I agree this is of German or Czech origin, late 30's or 40's. Italian makers rarely used maple for the bowls or solid wood for the necks - nearly always rosewood, with necks made of pine, veneered with rosewood. I am also certain that some Italian makers bought in instruments from Germany and stuck their own labels in them.

    The action is high - although the neck is straight there has been some distortion of the body around the neck joint, which has caused the neck to lift. This is very common with bowlbacks. Lowering the bridge would be easy and will help, but fixing it properly would be a major job. The string gauges you have been recommended are too heavy - GHS A240 ultra-light strings (9-32) or equivalent are what you will need.
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  11. #8
    Mando-Accumulator Jim Garber's Avatar
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    Default Re: Help identifying an old bowl back mandolin...

    Quote Originally Posted by tonydxn View Post
    Italian makers rarely used maple for the bowls or solid wood for the necks - nearly always rosewood, with necks made of pine, veneered with rosewood.
    Not sure I agree. Even the Neapolitan makers used maple bowls and certainly the Romans, especially Embergher. I have two Emberghers in maple and I have seen some of the 5bis (soloist models) in maple as well as rosewood. I also have a maple Vinaccia and had a couple of Calace's with maple bowls as well.

    Rosewood might have been a premium but I think it was a matter of preference for certain tone.

    However you are correct in your comments about neck construction though I believe that was the non-Roman style vs. Neapolitan style. Roman necks, at least Embergher's were solid and much different in profile from Neapolitan makers'.
    Last edited by MikeEdgerton; Jun-11-2019 at 3:48pm. Reason: Fixed quote syntax
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  12. #9

    Default Re: Help identifying an old bowl back mandolin...

    Yes, I have a maple Vinaccia. As I wrote, those tuners and dots are my main stumbling bock- and those tuners appear to be on that 1960s Catania mandolin that Jake Wildwood worked on.There is no way, they are pre-war, I reckon 50s or 60s which is definitely when the mandolin was made- be it in East Germany, Czechoslovakia or Italy.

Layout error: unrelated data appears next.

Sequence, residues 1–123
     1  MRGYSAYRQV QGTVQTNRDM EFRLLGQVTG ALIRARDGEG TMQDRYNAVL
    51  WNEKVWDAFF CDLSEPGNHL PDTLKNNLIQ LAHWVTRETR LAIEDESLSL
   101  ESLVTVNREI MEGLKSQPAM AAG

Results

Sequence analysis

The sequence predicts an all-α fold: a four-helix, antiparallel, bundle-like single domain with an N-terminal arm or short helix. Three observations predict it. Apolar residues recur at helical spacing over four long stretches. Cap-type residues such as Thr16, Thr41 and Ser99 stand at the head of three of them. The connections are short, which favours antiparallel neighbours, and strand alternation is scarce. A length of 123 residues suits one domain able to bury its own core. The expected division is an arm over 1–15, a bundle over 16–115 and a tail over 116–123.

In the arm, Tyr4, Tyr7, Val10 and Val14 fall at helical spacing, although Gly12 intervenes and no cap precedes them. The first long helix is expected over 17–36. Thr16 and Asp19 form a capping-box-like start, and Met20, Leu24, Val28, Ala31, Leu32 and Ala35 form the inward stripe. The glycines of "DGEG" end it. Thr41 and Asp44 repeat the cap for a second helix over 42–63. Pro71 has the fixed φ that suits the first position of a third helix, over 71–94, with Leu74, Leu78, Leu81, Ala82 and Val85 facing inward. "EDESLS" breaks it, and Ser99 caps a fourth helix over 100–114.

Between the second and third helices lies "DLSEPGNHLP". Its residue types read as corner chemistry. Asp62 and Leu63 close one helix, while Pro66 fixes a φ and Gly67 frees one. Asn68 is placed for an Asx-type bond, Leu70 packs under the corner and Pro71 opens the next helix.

13. #10
    Registered User tonydxn's Avatar
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    Default Re: Help identifying an old bowl back mandolin...

    Yes, of course there are Italian mandolins made of maple. But I reckon at least 99% of Italian bowlbacks that come up on eBay and other auctions (in UK anyway) are rosewood. That's why I said 'rarely' and didn't say 'never'. I have to admit that Calace, Embergher and Vinaccia are well out of my reach and I don't know much about them. But they are only a small proportion of Italian mandolins and the OP's instrument is certainly not one of theirs.

    I don't know when that kind of tuner was introduced, but probably post-war, I agree.
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  14. #11

    Default Re: Help identifying an old bowl back mandolin...

    Quote Originally Posted by NickR View Post
    Here is a 1960s Carmelo Catania mandolin with a slothead and a zero fret.
    That Carmelo Catania is a copy (or I'd rather say inspired by) Embergher, which had a zero fret in some models and that's why it is there. Zero fret was very rarely used in Italian bowlbacks, but often in German ones. I don't think double dots mean much, they were used by many makers.
    Last edited by vic-victor; Jun-12-2019 at 1:26am.

  15. #12

    Smile Re: Help identifying an old bowl back mandolin...

    Hi everyone,
    Wow! You’ve all given me so much good information. I’ll have to print it all off and examine it carefully – thank you so much. At least I know it wasn’t made in the 70s, which is what the guy at the flea market told me when I bought it back in the 90s! As an immediate measure I’ve loosened the strings and have found a supplier in my town that will be getting strings GHS 9-32 phosphorous bronze set – perfect! They also have an instrument repairer who will help me with the bridge, etc. Great stuff and thank you all!

  16. #13
    Full Grown and Cussin' brunello97's Avatar
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    Default Re: Help identifying an old bowl back mandolin...

    Quote Originally Posted by vic-victor View Post
    Zero fret was very rarely used in Italian bowlbacks......
    Victor.......??